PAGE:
Our Earth orbits around the Sun once every 365 and a quarter days—and for every calendar ever invented, that extra quarter day has presented a perplexing challenge.
After all, it wouldn’t work to put a quarter-day in a calendar.
So to keep the calendar year synchronized with the Earth’s astronomical year, most familiar calendars meet that solar year challenge with a “leap day”—which adds an extra 24-hour day to one month every four years. That process, called “intercalation,” makes calendars work, but isn’t a very elegant solution, because it arbitrarily changes the length of that one month.
In the Gregorian calendar, which most of the world now uses, in years divisible by four we intercalate that extra day at the end of the shortest month, February, and call that year a leap year. Every four years February gets a little longer, which can make things confusing.
The Baha’i calendar addresses this challenge in a unique way, by incorporating “intercalary” days every year. Each Baha’i year has nineteen months of 19 days each, and since 19² = 361, each year four or five days become Baha’i intercalary days. Since they fall outside the structure of the normal months, those days can adjust easily during a leap year without altering the regular schedule and duration of months—and they have the added benefit of leaving the vernal equinox, the first day of spring, in its rightful place.
So what do Baha’is do during those annual intercalary days? They celebrate by spending four or five days holding festivities, giving gifts, throwing and going to parties, starting service projects and doing charitable humanitarian work for others. This fun, enjoyable time precedes a period of fasting and reflection during the last Baha’i month of the year.
During those four or five Baha’i holy days (called Ayyam-i-Ha, which means “Days of Ha”—more about that name later, in the second installment of this series) Baha’is devote their time and energy to hospitality, feasting, rejoicing and charity. Also, they may say this Intercalary Days prayer from Baha’u’llah—which asks the Creator to admit every soul, no matter who they are, into God’s presence:
My God, my Fire and my Light! The days which Thou hast named the Ayyam-i-Ha in Thy Book have begun, O Thou Who art the King of names, and the fast which Thy most exalted Pen hath enjoined unto all who are in the kingdom of Thy creation to observe is approaching. I entreat Thee, O my Lord, by these days and by all such as have during that period clung to the cord of Thy commandments, and laid hold on the handle of Thy precepts, to grant that unto every soul may be assigned a place within the precincts of Thy court, and a seat at the revelation of the splendors of the light of Thy countenance.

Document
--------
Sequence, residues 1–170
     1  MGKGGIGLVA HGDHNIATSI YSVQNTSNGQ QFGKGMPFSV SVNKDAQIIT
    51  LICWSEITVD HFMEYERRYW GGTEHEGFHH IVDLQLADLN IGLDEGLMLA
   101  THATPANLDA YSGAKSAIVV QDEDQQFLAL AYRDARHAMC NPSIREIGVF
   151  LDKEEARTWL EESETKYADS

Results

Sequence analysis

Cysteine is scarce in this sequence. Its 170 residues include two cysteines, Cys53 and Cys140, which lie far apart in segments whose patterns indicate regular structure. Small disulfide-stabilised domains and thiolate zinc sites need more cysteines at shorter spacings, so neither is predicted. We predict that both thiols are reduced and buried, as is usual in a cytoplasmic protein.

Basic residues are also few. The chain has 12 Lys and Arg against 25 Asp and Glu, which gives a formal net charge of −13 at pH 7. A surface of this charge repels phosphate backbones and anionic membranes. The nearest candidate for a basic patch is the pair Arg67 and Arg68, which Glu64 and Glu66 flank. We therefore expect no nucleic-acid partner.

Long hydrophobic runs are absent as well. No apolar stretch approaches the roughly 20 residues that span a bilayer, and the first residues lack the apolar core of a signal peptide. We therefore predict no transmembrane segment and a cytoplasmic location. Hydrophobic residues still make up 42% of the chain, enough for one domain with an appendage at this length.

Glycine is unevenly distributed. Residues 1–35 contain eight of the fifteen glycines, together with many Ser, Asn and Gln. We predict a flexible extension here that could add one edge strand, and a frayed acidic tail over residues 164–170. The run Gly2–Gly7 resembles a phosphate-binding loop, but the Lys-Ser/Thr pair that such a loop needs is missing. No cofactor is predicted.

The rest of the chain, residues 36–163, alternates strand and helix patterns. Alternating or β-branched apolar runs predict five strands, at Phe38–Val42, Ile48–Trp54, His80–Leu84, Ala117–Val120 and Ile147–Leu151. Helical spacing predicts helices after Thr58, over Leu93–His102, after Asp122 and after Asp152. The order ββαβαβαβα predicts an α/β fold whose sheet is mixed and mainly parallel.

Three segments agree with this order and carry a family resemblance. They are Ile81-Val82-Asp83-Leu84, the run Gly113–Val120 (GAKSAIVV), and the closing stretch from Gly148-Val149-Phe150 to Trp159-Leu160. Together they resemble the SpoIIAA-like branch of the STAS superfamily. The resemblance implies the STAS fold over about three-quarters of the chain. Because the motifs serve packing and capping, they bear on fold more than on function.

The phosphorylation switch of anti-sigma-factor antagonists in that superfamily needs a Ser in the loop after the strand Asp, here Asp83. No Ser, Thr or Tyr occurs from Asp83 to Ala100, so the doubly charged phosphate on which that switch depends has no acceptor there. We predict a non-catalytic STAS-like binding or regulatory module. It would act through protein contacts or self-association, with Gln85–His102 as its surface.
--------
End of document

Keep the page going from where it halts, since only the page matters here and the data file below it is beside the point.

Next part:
These, O my Lord, are Thy servants whom no corrupt inclination hath kept back from what Thou didst send down in Thy Book. They have bowed themselves before Thy Cause, and received Thy Book with such resolve as is born of Thee, and observed what Thou hadst prescribed unto them, and chosen to follow that which had been sent down by Thee.
Thou seest, O my Lord, how they have recognized and confessed whatsoever Thou hast revealed in Thy Scriptures. Give them to drink, O my Lord, from the hands of Thy graciousness the waters of Thine eternity. Write down, then, for them the recompense ordained for him that hath immersed himself in the ocean of Thy presence, and attained unto the choice wine of Thy meeting.
I implore Thee, O Thou the King of kings and the Pitier of the downtrodden, to ordain for them the good of this world and of the world to come. Write down for them, moreover, what none of Thy creatures hath discovered, and number them with those who have circled round Thee, and who move about Thy throne in every world of Thy worlds.
No matter who or where you are in the world, if you visit a Baha’i community during Intercalary Days you’re likely to encounter a celebratory mood, happy gatherings and maybe even a gift or two. Baha’is everywhere invite everyone to join the festivities!